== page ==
I put feelers out about what to write for my inaugural post here at Inspy Romance. What does a reader want to read about on a blog written by Inspirational Romance Authors? I expected to see all sorts of responses, but the one that showed up in three different places where I ran my poll was: why the two characters always have to be so perfect, beautiful, in shape, etc.?
I started analyzing my own writing when I read that. Are my heroines always beautiful? Almost always, yes. Are my heroes always handsome and successful? Successful, yes. Handsome? Hard to say – because we always see them through the eyes of the heroine, and she’s going to be biased right from the start.
But, I think it begs the question as to why — why write that way when the person reading it isn’t likely “stop the conversation when she walks into the room” beautiful?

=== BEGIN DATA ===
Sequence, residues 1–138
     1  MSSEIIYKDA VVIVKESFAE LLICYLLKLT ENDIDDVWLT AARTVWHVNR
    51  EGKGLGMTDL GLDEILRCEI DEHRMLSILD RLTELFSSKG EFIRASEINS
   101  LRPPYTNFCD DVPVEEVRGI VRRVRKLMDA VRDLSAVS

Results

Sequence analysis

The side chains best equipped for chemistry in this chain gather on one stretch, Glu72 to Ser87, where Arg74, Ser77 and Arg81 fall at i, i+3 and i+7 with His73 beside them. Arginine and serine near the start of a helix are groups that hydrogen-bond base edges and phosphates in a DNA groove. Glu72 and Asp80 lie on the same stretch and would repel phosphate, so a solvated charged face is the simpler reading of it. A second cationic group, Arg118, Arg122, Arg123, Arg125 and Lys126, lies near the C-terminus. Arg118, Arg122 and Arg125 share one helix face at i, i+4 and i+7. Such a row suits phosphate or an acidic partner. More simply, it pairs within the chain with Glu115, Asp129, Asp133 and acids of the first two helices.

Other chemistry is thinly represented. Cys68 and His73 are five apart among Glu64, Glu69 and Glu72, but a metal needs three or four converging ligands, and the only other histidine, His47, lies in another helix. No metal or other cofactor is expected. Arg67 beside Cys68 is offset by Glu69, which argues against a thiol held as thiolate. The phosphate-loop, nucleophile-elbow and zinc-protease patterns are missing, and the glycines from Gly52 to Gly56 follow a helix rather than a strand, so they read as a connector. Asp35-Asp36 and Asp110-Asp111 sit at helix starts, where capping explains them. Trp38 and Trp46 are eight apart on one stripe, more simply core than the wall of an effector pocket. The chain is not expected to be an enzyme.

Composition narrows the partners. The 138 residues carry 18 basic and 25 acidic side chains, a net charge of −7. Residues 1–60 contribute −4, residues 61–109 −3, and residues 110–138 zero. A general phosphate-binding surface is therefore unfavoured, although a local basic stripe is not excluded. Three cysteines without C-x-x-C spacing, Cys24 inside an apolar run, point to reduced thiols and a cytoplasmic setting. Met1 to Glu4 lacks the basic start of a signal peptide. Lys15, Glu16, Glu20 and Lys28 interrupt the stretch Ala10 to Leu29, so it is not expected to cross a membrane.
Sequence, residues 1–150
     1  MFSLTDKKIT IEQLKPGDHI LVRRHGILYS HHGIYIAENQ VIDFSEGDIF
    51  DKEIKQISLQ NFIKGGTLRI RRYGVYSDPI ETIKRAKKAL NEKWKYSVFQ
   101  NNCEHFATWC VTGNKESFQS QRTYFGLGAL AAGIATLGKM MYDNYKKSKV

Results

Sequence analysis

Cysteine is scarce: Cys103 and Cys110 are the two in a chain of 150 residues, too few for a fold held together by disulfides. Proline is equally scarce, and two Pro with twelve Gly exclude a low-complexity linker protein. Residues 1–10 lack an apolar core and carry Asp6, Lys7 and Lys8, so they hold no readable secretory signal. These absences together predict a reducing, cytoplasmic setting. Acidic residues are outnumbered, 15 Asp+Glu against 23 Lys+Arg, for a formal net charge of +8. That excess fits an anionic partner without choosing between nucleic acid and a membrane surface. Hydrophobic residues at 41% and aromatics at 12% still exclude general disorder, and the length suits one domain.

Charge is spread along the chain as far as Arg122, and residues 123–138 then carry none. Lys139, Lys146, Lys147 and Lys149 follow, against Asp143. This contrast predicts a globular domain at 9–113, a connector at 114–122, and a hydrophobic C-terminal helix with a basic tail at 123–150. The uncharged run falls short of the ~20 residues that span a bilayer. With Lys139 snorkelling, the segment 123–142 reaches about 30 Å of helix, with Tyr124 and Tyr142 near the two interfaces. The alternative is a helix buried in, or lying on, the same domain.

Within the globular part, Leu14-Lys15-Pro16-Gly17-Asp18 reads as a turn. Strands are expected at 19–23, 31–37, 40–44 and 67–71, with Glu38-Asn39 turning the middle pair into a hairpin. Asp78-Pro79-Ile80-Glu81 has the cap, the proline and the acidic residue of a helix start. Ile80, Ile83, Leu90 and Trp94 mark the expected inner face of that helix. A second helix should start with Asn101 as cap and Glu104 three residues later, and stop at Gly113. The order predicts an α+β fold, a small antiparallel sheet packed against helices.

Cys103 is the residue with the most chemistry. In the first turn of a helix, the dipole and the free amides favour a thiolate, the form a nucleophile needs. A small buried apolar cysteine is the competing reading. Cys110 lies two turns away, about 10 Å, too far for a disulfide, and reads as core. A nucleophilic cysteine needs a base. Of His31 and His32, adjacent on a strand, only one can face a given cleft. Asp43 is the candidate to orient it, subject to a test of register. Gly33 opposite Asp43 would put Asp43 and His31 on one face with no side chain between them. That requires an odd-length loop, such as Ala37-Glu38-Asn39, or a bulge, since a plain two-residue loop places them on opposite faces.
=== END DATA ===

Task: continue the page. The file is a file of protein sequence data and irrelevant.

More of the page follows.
As I read the replies to my survey, I let them steep for a while, and I’ve been doing this low-key in-depth analysis of “why?” in the back of my mind as I’ve been going through with my daily life. And it occurred to me last night (as I was falling asleep, of course) — because we’re telling a fairy tale. The handsome young prince falls in love with the beautiful young princess and rescues her from the dragon’s lair.
I know my own flaws. I’m 41-years-old and I have three children. There are very few things about my physical self that I would consider perfect. But to my husband, I’m as beautiful as the “young woman in her twenties” was on the day we met. My husband is 46-years-old and has been an Army paratrooper for most of his adult life. The wear and tear on the human body after jumping out of hundreds of airplanes over the course of decades is not something pretty. But I never see scars on legs from surgeries or such when I see him – he’s my husband and I LOVE him – my heart still races when I see him after the end of a long day.
When we read romance, most of us are just looking for that fantasy of the fairy tale. And part of that comes with identifying with and stepping into the life of a beautiful young country music singer during her journey of rediscovering her love of God while falling in love with a geeky computer specialist who has no idea how sexy he is behind those Clark Kent glasses.